Sure contrasts sharply with the average don't move and eat as much as humanly possible vacation that most of us tend towards.

Saturday, November 05, 2011

Saturday Stories - X-rays, fitness and evil Weetabix!

An interesting read on how those airport X-Ray scanners were rolled out without much scientific oversight.

Alex Hutchinson over at SweatScience is surprised that average male fitness has seemingly increased since the 1970s.

The Guardian has a great read on the evils of modern day branding whereby Weetabix is pimping out kids to be "brand ambassadors"

Friday, November 04, 2011

Eating Marshmallows = Crazy Japanese Game Show

God bless Japanese game shows.

Today's Funny Friday involves this simple equation:

Marshmallows + bungie cords = Funny Friday.

Have a great weekend!

(email subscribers have to head to the blog to watch)

Thursday, November 03, 2011

The Heart and Stroke Foundation Thinks Ordering in Pizza is Healthy?


The Heart and Stroke Foundation, a Foundation whose reported mission is to,

"lead in eliminating heart disease and stroke and reducing their impact through: The advancement of research and its application; the promotion of healthy living and advocacy"
has just given it's Health Check seal of approval to pizzas over at PizzaPizza, a national Canadian fast food pizza chain.

In so doing the Heart and Stroke Foundation is continuing its mission to further normalize restaurant meals and also continuing to ignore research that shows Health Halo'ing at restaurants leads to increased consumption, and that simply having Health Check'ed items on the menu, might lead to people ordering less healthy choices due to "vicarious goal fulfillment".

The fact remains, responsible health organizations should be encouraging people to eat out less frequently. Given people are likely to eat more than a Health Check approved serving (2 slices from a medium, but you can't just order the 2 slices, you've got to order the whole medium), that they may well order sugared sodas or appetizers, that less health aware family members may not like the Health Check'ed options, that they'll be forgoing the opportunity to cook a more healthful meal at home, all the Heart and Stroke Foundation is doing with its abhorrent restaurant program is discourage home cooking and put a veil of health on an incredibly unhealthy behaviour.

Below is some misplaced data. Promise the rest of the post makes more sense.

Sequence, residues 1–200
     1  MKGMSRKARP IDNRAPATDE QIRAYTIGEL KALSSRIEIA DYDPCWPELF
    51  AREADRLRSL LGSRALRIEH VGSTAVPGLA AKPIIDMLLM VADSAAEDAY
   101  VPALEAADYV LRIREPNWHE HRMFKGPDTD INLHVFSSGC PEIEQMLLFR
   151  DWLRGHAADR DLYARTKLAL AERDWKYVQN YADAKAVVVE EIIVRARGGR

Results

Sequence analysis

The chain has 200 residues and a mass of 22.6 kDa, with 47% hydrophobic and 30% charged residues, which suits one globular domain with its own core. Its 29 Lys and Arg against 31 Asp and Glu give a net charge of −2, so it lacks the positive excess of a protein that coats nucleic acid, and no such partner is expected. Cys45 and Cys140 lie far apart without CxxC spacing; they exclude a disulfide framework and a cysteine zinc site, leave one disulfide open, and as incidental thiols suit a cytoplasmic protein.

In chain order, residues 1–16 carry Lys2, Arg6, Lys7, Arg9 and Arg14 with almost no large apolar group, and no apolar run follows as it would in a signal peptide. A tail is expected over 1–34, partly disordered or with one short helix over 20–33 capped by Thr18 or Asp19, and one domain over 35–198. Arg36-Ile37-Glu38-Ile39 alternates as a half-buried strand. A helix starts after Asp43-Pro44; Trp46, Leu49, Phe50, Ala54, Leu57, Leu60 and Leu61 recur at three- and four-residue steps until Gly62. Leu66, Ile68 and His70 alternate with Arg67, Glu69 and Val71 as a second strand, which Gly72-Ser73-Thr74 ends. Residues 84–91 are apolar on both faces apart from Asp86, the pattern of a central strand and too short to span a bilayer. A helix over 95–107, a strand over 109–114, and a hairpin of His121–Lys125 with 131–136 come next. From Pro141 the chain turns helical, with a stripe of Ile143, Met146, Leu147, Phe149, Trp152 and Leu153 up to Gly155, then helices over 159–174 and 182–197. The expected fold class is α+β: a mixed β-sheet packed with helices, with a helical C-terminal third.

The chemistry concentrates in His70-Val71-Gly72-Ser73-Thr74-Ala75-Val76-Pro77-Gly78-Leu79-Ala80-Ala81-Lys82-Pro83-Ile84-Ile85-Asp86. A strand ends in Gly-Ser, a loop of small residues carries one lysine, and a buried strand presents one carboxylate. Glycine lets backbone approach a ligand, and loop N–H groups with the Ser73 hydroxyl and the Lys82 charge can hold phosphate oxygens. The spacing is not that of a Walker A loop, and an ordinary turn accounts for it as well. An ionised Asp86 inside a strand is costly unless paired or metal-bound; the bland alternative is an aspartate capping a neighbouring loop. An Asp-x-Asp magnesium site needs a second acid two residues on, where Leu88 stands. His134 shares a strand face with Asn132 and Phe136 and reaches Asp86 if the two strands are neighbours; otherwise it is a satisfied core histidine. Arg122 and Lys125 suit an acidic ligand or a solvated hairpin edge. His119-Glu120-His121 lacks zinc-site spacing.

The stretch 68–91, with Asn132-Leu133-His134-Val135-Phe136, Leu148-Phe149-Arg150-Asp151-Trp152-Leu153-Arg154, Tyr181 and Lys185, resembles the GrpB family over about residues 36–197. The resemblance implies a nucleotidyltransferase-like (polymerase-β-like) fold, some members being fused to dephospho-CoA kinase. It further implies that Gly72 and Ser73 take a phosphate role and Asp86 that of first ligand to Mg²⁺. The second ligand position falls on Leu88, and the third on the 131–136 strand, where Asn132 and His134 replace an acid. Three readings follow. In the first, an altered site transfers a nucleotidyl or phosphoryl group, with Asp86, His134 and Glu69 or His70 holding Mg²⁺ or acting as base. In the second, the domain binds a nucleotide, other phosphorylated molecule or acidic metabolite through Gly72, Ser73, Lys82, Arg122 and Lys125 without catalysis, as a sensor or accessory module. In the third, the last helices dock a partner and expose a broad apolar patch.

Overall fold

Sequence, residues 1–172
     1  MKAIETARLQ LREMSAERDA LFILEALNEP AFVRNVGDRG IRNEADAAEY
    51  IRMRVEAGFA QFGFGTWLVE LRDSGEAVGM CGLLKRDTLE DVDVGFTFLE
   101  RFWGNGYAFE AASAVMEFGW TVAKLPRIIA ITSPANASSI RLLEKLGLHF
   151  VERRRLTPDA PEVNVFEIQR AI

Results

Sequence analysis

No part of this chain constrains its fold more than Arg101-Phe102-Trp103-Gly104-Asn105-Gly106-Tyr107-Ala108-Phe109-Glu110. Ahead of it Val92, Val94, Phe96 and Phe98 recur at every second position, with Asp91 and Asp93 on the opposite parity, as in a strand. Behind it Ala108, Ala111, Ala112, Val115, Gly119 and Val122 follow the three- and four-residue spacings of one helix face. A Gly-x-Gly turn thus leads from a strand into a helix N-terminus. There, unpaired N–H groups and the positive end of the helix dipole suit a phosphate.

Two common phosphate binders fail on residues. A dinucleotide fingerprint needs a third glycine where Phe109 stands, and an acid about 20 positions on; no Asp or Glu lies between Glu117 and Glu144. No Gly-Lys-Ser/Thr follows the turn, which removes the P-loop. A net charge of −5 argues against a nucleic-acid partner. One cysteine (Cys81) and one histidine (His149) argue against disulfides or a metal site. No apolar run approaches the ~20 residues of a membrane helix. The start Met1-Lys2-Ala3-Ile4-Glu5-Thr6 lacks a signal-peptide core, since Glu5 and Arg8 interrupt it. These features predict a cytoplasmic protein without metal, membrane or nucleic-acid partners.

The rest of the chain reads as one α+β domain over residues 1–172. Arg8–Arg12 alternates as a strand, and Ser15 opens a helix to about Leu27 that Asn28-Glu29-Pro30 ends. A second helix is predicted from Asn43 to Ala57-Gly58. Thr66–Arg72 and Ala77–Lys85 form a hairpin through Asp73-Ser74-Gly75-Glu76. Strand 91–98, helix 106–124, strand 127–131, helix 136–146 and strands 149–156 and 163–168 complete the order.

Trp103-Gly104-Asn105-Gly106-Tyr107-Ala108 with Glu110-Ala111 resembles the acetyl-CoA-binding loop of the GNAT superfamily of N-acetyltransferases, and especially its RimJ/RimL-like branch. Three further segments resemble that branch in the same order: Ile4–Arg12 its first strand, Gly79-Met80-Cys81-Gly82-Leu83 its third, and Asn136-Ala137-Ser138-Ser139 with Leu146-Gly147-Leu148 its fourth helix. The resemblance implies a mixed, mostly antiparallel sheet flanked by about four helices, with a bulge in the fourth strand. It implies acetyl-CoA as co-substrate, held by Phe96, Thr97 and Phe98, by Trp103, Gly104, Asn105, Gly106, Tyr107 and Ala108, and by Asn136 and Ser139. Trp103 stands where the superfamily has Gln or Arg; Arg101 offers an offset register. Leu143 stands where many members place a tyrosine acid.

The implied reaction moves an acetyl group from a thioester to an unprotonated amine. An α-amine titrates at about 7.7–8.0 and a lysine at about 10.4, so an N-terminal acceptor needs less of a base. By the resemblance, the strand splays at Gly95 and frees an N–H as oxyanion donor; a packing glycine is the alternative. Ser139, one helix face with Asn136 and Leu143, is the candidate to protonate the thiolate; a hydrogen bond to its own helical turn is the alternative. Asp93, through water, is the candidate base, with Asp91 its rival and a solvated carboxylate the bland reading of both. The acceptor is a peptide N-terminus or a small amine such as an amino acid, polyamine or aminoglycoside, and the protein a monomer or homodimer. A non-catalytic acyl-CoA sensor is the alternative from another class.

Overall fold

How many slices of a medium pizza do you generally eat at a sitting, and do you think encouraging and enabling meals out is a good plan?

Way to promote "healthy living" and "apply research".

Wednesday, November 02, 2011

The 2012 Cadbury Chocolate Olympics have Arrived!

Today's post will be short and sweet.

As you might be aware, Cadbury is the main sponsor of the 2012 London Olympics.

Their marketers have unleashed the first wave of feel good marketing inviting all of England to record themselves singing tunes to inspire the athletes.

To start with there's already a YouTube channel, a Facebook page, and a Twitter account, but unfortunately I can't access them all being that I'm from Canada.

Now the Olympics might not seem like a health organization to any of you, and it's not, but it is publicly funded. Governments spend an absolute fortune hosting the Olympics and consequently it can certainly be thought of as a public (as in Government) private partnership.

Cadbury's going to take a wonderful ride on the emotional branding associated with the joy, majesty and excitement that makes up an Olympic Games, and I'm willing to wager here and now, Cadbury's 2012 sales, especially in England but likely the world over, will be the very best they've ever had. I'm also willing to wager that we'll be seeing special Cadbury chocolate medals around the necks of children.

So my question to you is this. Do you think it's a good idea for host countries to sell Olympic sponsorship rights to corporations like Coca-Cola, Cadbury and McDonald's, and in so doing help to fuel likely dramatic increases in the consumption of junk food and sugar in the name of televised sport?